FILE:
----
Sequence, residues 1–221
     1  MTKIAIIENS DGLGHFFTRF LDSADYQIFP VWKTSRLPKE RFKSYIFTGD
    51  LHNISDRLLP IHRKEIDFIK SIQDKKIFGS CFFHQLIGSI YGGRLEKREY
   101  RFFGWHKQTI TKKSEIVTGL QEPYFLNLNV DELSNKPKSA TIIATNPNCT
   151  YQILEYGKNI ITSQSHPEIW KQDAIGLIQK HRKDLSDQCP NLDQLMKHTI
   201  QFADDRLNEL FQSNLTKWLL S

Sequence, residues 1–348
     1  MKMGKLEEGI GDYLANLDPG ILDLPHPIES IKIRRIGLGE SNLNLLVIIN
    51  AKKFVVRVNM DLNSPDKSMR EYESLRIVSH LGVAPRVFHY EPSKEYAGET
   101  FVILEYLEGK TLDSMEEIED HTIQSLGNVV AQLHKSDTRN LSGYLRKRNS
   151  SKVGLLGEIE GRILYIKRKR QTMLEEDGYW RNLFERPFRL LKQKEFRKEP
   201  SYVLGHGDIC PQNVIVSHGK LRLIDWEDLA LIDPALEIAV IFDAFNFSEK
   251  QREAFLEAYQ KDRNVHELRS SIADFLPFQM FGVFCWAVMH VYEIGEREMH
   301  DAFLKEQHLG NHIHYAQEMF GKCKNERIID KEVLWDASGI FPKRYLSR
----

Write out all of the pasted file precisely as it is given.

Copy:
Sequence, residues 1–221
     1  MTKIAIIENS DGLGHFFTRF LDSADYQIFP VWKTSRLPKE RFKSYIFTGD
    51  LHNISDRLLP IHRKEIDFIK SIQDKKIFGS CFFHQLIGSI YGGRLEKREY
   101  RFFGWHKQTI TKKSEIVTGL QEPYFLNLNV DELSNKPKSA TIIATNPNCT
   151  YQILEYGKNI ITSQSHPEIW KQDAIGLIQK HRKDLSDQCP NLDQLMKHTI
   201  QFADDRLNEL FQSNLTKWLL S

Sequence, residues 1–348
     1  MKMGKLEEGI GDYLANLDPG ILDLPHPIES IKIRRIGLGE SNLNLLVIIN
    51  AKKFVVRVNM DLNSPDKSMR EYESLRIVSH LGVAPRVFHY EPSKEYAGET
   101  FVILEYLEGK TLDSMEEIED HTIQSLGNVV AQLHKSDTRN LSGYLRKRNS
   151  SKVGLLGEIE GRILYIKRKR QTMLEEDGYW RNLFERPFRL LKQKEFRKEP
   201  SYVLGHGDIC PQNVIVSHGK LRLIDWEDLA LIDPALEIAV IFDAFNFSEK
   251  QREAFLEAYQ KDRNVHELRS SIADFLPFQM FGVFCWAVMH VYEIGEREMH
   301  DAFLKEQHLG NHIHYAQEMF GKCKNERIID KEVLWDASGI FPKRYLSR